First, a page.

2009 Workplace Fatalities lowest on record

4,340 workplace fatalities in 2009, that’s the official number according to the Bureau of Labor Statistics. That’s the lowest since official records started to be kept back in 1992. The total for 2008 was 5,214.

The economy is, of course, one of the major factors. With construction and manufacturing down and unemployment up, it stands to reason that fewer workers out on the job sites as well as shorter shifts is going to result in a decline in accidents and fatalities. That isn’t meant to take away from the progress made in making the workplace a safer place.

Some of the key findings of the census which can be viewed here, are:

  • Workplace homicides declined 1 percent in 2009, in contrast to an overall decline of 17 percent for all fatal work injuries. The homicide total for 2009 includes the 13 victims of the November shooting at Fort Hood. Workplace suicides were down 10 percent in 2009 from the series high of 263 in 2008.
  • Though wage and salary workers and self-employed workers experienced similar declines in total hours worked in 2009, fatal work injuries among wage and salary workers in 2009 declined by 20 percent while fatal injuries among self-employed workers were down 3 percent.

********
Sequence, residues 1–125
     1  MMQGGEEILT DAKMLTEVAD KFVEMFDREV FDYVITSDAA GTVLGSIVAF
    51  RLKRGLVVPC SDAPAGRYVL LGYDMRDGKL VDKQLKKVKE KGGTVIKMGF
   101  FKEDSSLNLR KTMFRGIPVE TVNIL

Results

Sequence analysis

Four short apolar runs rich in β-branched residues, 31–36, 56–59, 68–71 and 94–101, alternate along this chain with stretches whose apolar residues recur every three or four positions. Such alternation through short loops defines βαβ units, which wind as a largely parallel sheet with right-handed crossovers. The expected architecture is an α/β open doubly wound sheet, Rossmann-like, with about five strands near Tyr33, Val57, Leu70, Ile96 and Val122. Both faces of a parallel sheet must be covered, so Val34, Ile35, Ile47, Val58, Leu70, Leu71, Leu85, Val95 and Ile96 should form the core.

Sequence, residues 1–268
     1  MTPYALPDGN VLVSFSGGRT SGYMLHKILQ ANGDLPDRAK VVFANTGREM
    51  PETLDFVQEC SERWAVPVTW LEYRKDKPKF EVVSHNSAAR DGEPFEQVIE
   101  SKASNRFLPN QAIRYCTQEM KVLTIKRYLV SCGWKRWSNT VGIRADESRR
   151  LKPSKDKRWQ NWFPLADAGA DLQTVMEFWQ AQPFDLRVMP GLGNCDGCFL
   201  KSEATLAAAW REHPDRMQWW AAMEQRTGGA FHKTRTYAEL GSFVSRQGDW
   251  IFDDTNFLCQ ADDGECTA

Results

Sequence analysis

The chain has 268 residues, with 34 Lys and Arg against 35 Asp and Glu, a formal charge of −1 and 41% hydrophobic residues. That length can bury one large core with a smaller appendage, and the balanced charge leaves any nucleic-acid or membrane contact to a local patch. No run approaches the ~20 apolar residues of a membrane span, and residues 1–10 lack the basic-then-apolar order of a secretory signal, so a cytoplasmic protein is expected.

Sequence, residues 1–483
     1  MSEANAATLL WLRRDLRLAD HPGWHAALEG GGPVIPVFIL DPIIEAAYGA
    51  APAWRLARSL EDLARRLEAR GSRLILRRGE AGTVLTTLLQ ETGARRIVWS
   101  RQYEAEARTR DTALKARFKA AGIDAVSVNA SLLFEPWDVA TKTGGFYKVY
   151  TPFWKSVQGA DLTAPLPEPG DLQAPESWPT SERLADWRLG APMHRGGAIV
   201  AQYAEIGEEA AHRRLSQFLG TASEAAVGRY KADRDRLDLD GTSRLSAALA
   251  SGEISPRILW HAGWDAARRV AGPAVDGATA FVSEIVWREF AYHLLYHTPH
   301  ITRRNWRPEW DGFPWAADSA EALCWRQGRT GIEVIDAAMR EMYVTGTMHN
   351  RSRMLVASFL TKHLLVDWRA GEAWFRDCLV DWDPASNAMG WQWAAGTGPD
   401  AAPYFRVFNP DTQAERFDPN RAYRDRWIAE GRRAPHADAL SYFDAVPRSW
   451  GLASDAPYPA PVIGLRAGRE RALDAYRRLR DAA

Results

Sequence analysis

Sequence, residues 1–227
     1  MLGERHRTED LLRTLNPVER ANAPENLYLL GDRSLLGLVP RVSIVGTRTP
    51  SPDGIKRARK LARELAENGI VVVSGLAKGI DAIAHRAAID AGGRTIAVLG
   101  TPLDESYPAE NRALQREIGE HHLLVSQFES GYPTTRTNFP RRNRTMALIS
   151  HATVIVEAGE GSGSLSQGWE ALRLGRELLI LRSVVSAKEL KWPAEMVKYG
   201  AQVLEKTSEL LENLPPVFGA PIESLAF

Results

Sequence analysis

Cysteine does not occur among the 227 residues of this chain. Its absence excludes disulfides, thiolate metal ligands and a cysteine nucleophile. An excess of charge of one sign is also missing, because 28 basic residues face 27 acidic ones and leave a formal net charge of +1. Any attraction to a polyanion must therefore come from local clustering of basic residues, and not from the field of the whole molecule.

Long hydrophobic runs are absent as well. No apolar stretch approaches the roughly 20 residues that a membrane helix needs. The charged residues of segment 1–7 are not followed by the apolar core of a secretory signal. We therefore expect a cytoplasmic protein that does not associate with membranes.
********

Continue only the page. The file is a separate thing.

• The wholesale trade industry was one of the few major private industry sectors reporting higher numbers of fatal work injuries in 2009.
  • Fatal work injuries in the private construction sector declined by 16 percent in 2009 following the decline of 19 percent in 2008.
  • Fatalities among non-Hispanic black or African-American workers were down 24 percent. This worker group also experienced a slightly larger decline in total hours worked than non-Hispanic white or Hispanic workers.    
  • The number of fatal workplace injuries in building and grounds cleaning and maintenance occupations rose 6 percent, one of the few major occupation groups to record an increase in fatal work injuries in 2009.
  • Transportation incidents, which accounted for nearly two-fifths of all the fatal work injuries in 2009, fell 21 percent from the 2,130 fatal work injuries reported in 2008.